MEDFORD, N.Y. (CBSNewYork) — A Suffolk County school district is considering limiting or even eliminating homework for elementary school students.

The Patchogue-Medford School District has set up an online survey for parents asking them what they think.

“Schools over the past 20, 25 years have this love affair with testing and this love affair with burdening students with unnecessary things to do,” Schools Superintendent Dr. Michael Hynes said. “I said to the board why don’t we inquire to our school community, we are starting with our parents, about their thoughts about homework.”

Proponents say getting rid of the homework would take away some of the stress put on the children, but others feel homework is a fundamental part of school.

With a no-homework policy, Hynes said kindergarten through sixth grade students would instead read when they get home, spend time with family and play outside.

“I’m not saying they should go on the screen and spend time on their phones or computers, I’m talking about getting outside, playing with their friends and have child-centered direction as far as what they want to do physically,” Hynes said. “That is just as important if not more important than academic work.”

Hynes said the school district believes “in physical growth, emotional growth, social growth and academic growth.”

As CBS2’s Jennifer McLogan reported, the conversation has divided households.

“I think they need it. They come home, that’s how they learn. The teacher will send them with ABCs and parents are obligated to follow through with it,” Shirley Johnson said.

Patchogue-Medford would be the first district in the area to modify, scale back, limit or do away with homework for elementary school kids.

The parents surveyed have also weighed in on social media.

“Possibly no homework? The softening of America,” one parent said.

“Admirable. Our young kids are overwhelmed,” another added.

A district in Vermont said its plan worked. Kindergarten through sixth grade students were required to read, have family dinners, and play outside. They were not assigned homework.

“Physical growth, emotional growth, social growth, those particularly have been wiped away from the American school system,” Hynes said.

The district says it will analyze the results of the survey and present their findings to the school board in the next few months.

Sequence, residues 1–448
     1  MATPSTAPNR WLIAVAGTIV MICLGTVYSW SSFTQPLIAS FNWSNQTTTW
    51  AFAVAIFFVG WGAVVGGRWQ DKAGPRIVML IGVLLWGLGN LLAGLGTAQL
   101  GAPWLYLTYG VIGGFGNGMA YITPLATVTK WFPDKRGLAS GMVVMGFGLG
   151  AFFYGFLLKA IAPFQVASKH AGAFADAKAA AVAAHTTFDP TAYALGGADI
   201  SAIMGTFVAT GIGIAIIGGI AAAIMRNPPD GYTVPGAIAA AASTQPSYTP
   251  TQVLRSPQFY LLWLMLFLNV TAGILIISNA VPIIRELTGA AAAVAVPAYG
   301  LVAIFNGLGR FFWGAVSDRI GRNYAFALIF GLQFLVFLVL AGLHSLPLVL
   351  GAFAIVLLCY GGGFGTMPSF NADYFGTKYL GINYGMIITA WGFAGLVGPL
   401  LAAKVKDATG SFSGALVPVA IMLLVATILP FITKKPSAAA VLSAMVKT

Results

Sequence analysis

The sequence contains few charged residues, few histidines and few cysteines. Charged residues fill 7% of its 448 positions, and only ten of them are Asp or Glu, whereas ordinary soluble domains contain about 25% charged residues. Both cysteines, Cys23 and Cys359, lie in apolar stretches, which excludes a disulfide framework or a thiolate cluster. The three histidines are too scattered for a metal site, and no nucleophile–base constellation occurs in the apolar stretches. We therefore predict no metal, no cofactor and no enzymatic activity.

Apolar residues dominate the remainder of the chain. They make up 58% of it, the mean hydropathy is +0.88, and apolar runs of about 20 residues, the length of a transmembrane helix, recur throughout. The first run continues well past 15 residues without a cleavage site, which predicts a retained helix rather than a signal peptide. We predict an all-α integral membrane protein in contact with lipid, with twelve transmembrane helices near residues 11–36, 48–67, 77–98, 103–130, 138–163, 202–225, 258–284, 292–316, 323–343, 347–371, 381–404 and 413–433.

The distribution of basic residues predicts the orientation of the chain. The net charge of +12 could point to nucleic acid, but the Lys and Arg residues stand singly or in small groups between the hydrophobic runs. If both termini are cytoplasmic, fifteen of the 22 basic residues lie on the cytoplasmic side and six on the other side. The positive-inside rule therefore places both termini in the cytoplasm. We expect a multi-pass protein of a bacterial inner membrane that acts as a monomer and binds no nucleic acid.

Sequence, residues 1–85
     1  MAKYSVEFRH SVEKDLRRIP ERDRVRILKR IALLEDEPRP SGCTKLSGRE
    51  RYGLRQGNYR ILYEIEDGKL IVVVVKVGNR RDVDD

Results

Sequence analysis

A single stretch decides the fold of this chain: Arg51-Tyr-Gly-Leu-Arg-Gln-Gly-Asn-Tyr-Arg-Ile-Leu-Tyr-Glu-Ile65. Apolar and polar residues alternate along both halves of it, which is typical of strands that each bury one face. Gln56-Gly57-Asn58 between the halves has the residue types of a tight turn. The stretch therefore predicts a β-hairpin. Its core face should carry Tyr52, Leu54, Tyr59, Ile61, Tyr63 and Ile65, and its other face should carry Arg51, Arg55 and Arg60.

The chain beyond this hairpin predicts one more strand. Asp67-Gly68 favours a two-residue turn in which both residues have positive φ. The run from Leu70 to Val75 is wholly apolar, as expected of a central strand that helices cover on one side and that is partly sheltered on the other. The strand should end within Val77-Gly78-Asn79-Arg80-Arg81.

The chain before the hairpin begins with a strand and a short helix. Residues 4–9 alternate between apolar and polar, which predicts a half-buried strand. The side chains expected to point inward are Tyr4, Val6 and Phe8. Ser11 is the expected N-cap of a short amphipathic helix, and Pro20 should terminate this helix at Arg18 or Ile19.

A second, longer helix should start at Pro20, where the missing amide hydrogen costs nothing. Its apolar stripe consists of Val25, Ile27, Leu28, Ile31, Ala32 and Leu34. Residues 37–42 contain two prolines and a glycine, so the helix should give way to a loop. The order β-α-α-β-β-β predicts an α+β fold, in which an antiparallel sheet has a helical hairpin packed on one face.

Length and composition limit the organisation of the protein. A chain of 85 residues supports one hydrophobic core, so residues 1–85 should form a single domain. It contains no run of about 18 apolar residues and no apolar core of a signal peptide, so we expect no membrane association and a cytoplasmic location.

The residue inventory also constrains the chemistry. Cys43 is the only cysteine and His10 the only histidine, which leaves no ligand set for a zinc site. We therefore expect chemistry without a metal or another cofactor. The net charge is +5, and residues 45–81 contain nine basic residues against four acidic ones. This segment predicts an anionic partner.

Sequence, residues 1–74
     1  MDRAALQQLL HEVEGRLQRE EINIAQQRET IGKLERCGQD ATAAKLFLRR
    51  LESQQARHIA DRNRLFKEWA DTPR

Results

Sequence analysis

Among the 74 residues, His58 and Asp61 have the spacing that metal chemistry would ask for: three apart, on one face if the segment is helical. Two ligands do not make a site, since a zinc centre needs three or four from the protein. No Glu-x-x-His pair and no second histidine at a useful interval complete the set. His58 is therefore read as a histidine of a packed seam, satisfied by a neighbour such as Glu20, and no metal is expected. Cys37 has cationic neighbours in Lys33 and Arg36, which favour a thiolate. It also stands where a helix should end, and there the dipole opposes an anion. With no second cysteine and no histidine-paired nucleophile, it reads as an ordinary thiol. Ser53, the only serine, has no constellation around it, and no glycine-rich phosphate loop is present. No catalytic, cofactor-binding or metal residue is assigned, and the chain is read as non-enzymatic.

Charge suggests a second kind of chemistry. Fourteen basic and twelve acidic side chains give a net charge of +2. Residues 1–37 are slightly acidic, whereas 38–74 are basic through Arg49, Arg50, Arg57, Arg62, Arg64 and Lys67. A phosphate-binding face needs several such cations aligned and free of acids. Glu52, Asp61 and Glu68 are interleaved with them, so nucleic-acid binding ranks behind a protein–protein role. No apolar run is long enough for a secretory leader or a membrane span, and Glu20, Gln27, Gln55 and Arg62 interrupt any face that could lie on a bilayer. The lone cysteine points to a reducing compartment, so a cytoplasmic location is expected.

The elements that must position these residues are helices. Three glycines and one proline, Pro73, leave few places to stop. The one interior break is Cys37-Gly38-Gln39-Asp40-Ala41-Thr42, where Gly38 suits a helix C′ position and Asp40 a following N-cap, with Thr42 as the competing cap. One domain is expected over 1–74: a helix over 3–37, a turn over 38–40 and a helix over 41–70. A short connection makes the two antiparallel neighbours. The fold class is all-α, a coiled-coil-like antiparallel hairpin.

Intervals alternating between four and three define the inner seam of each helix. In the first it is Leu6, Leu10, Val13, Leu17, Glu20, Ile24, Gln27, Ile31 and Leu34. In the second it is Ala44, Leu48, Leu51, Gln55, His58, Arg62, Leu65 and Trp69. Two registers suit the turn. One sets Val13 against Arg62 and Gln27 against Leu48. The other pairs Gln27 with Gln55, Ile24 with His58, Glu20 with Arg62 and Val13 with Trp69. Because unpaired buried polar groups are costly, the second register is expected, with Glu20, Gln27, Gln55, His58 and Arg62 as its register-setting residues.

If parents approve a version of the ‘no homework plan’ a pilot program could begin in late spring.

  1. I do not agree with the “no homework policy”, instead I agree with “homework reduction”. I personally believe we as a school district should put this proposal into a ” trial and error phase”, by requiring homework from our student 2 days a week (Mondays and Tuesdays) back to back and get it out of the way! I can most certainly be sure that years from now this decision will come back to haunt us, a “no homework policy” will academically have a negative effect on our students in some way or another. Mind you this policy only applies to the elementary school children and not middle or high school students, if we take a no homework approach with our elementary school children, when the times comes for them to attend middle school and high school they are going to have a hard time adjusting, and their penmanship may not be that appealing. Also we must consider the community that we live in and what is going on around us, here on Long Island (with all due respect) there is a BIG problem with illegal drugs (heroin) to the point where free narcan training classes are held and just about anyone is able to carry and administer it, including the drug abuser, and this drug problem here on LI also affect children younger than high-schoolers. We can not let our children have too much time on their hands, as my grandmother told me ” idle time is the devils playground”, I would rather my child be stuck doing homework than to be outside with his/her free time trying drugs for the first time with their most trusted friends, just because they have the extra time! But of course parenting plays a role! With the “homework reduction” policy our children will be able to have time to enjoy more structured outdoor activities, spend more time with friends an family physically (rather then being in the house in front of the television,video game or on the phone) and have less academic stress. It would be nice to actually see more kids outside playing in the front lawn when I drive down these LI streets, nowadays kids are in the house a lot more, which plays a role in the obesity problem this country has. Food for thought folks.

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